76.AO.76 may be “located” in Etruria (with debts to Greek art) and dated by the compact format of the carving and the style. The frontal figures (whether passengers, sailors, or marines) are related to the Getty Kourotrophos group (cat. nos. 1 and 2) and share many sculptural comparisons. The ship’s frontal figures are akin to the Etruscan bronze votives in Emeline Richardson’s Swordsman Series A, which she dates to the early sixth century. A work such as the male sphinx acroterium from Poggio Civitate (Murlo) of about 575 B.C. also helps to place it. 76.AO.76 gives evidence of its connection to Etruscan art when compared to seventh-century ivories and caryatid figures from bucchero chalices. The seated figure’s profile is similar to the Spartan ivory plaque of Aristaios in London, and in its silhouette and harsh modeling is generally comparable to a variety of Etruscan works dating to between the late eleventh and mid-sixth centuries: some of the early male “canopic” heads from the Chiusi area, the limestone cinerary urn in the form of a seated man from Chiusi, and profile warrior heads in bucchero. The ivory pyxis from Pania, Chuisi, of circa 620–580 B.C., likely carved in southern Etruria, offers up important analogues for both frontal and profile heads and for the schematic illustration of the ship. However, there are differences: the unbearded figure of the Pania ivory is alone in the ship and handles double rudders (and his cargo consists of two amphorae). The ivory, bronze, impasto, and bucchero objects not only suggest an approximate date for 76.AO.76, but also suggest where in Etruria it may have been made and buried.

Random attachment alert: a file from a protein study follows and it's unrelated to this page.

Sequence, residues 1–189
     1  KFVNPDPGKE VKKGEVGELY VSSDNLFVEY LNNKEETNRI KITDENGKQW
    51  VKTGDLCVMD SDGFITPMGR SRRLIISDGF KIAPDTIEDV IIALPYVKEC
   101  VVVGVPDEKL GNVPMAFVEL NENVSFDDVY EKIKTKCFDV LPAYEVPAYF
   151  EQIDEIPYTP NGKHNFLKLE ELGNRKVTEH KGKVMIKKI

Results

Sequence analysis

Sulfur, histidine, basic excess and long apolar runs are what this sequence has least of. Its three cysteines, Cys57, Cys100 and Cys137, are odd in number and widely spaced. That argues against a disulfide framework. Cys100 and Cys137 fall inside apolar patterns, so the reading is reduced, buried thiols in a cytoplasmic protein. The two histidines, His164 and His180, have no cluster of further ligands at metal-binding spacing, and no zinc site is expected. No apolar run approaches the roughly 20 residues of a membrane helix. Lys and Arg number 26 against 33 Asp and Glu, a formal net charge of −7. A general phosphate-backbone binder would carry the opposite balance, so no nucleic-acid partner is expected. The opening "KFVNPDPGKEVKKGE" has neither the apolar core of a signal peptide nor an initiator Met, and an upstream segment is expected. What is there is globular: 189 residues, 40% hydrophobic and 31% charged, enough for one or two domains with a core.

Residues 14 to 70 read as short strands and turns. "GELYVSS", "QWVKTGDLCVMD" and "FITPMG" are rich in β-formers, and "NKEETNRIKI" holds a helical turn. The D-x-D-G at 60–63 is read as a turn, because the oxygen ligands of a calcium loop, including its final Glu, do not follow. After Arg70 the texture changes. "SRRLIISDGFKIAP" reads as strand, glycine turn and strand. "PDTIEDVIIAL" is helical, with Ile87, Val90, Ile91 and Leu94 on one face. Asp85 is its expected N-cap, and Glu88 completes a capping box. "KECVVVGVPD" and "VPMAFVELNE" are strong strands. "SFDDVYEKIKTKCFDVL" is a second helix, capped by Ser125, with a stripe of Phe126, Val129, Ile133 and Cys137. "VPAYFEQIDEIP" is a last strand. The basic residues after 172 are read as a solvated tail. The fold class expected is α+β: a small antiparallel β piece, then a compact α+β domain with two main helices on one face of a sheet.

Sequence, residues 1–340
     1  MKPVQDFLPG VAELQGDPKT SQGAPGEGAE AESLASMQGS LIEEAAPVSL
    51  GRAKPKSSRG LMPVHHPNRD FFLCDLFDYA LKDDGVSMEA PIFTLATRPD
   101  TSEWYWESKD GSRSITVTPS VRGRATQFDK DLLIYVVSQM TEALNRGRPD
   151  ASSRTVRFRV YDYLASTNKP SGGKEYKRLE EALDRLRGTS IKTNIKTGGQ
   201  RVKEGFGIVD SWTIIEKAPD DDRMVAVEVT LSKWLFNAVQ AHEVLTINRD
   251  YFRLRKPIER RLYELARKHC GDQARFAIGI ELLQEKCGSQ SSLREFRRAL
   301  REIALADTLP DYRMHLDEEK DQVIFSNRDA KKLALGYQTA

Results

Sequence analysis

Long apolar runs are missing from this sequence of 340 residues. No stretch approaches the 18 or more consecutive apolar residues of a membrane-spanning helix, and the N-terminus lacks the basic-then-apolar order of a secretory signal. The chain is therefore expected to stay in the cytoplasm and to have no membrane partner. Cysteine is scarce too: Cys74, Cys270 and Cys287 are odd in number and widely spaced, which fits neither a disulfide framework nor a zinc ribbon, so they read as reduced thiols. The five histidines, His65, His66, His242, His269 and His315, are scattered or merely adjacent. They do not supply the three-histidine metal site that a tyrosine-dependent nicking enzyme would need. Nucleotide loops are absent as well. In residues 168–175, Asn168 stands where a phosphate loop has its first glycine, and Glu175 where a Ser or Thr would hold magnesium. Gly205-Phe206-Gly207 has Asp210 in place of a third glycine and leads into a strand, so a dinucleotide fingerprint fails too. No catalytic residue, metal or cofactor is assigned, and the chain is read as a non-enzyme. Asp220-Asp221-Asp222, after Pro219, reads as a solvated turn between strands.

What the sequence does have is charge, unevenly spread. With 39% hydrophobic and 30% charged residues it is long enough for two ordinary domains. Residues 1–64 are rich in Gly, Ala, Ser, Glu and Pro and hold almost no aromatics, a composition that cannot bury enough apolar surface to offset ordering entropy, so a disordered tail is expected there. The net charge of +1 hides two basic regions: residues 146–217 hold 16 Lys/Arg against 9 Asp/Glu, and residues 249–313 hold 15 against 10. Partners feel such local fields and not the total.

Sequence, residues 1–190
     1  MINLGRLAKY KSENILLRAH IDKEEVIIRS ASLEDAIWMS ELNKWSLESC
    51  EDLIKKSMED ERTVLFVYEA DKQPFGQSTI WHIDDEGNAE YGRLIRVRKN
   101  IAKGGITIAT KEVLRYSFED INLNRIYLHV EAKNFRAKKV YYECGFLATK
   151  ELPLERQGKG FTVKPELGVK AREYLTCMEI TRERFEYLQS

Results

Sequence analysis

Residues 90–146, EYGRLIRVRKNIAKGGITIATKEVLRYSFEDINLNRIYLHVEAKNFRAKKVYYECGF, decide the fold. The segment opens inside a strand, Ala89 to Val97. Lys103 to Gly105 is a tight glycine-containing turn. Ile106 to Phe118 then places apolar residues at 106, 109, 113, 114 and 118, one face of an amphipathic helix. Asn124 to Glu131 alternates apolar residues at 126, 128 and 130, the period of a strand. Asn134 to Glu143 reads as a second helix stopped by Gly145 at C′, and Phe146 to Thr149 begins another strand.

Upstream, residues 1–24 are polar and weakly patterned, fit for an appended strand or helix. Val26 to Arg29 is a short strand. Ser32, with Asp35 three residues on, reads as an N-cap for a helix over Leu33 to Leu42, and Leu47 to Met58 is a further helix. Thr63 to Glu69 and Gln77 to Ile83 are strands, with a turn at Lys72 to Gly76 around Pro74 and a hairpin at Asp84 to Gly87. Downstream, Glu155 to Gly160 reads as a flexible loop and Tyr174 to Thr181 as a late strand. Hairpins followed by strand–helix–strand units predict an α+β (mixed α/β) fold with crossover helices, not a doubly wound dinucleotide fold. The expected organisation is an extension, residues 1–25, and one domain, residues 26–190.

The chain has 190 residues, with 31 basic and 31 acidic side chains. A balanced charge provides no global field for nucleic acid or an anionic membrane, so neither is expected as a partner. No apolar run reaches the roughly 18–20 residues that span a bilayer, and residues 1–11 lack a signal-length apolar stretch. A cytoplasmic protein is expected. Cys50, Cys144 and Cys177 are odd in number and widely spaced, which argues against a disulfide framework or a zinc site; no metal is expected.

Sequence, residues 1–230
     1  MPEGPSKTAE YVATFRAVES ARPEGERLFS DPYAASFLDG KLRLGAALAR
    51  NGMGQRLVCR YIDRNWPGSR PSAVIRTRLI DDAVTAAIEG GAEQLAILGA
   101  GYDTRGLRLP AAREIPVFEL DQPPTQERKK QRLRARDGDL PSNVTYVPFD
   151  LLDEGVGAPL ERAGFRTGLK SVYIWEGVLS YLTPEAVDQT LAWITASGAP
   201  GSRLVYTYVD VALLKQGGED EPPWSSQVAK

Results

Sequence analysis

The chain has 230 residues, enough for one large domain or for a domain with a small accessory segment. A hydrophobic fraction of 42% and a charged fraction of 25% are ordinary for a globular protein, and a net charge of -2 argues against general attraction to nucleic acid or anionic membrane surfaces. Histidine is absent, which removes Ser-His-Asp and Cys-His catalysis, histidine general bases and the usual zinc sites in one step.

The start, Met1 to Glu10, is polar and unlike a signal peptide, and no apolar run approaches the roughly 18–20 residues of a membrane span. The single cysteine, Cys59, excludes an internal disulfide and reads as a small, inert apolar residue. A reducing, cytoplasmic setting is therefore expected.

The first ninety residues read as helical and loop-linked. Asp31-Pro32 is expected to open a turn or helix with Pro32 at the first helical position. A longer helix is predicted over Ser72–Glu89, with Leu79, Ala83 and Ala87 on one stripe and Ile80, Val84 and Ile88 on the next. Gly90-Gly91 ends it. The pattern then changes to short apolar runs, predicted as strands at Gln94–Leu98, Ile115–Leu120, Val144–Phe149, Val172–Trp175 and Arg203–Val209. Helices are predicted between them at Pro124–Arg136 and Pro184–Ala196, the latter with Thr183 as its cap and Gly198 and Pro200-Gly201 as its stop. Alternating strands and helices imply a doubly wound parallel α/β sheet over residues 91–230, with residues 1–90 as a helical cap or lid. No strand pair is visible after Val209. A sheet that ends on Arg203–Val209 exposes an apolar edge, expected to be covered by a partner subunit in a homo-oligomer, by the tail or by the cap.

The ship of 76.AO.76 has many earlier and contemporaneous comparisons in the archaeological remains and in the art of the ancient Mediterranean, especially among small three-dimensional representations in terracotta, bronze, and other materials, on carved stone reliefs, in Etruscan wall painting, and most particularly in Greek vase painting. The subject also figures on coins and gems. The Etruscan shipwrecks at Giglio, Antibes, Marseilles, and Pisa offer extraordinary information about the actual vessels. Taken together, the corpus of ancient material allows a very particular knowledge of ships and ancient seafaring, even though in the images “some elements of the ship’s architecture [may be] telescoped, others expanded or otherwise exaggerated, while others [may be] disproportionately small or ignored entirely.”
The Getty ship is a different kind of vessel from that represented on the Pania pyxis. The Getty amber clearly represents a rounded hull but has no oars, oarlocks, or holes. It must be one in a class of merchantmen, or cargo-carrying ships, which the Greeks called a holkadikon ploion, or holkas (towed ship), that is, a vessel dependent on masts and sails to propel it. Unequipped with oars, the holkas would have been towed in and out of harbor. Although the carver of 76.AO.76 has provided much detail about the ship (aphlaston, keel, stern castle, etc.), much is not indicated: there is no rudder, mast, sail, or cordage. Certainly, there were limits set by the form of the amber blank. As noted in the description, the lumpy material aft may be the stowed mast and sailing gear; alternatively, if the carriers extending from each of the three suspension points were joined up, they would form the schema of a mast and lines. The three sets of suspension holes would have enabled the pendant to hang from three separate points or to be attached to clothing or another, larger ornament, in three places. Then again, a carrier attached at each point might have been pulled up to a central point above the pendant, the lines of the carriers then forming a bisected triangle—a pattern like that of a mast and lines. Suspended this way, the rails would be parallel to the horizon, very like the position of a ship at sea.
Another important ship comparison is an ivory pectoral decoration from the sanctuary of Artemis Orthia at Sparta, where the scene is perhaps disembarkation. The subject has been interpreted as the carrying off of Helen to Troy. Both ornaments are lunular in shape, with just a few figures.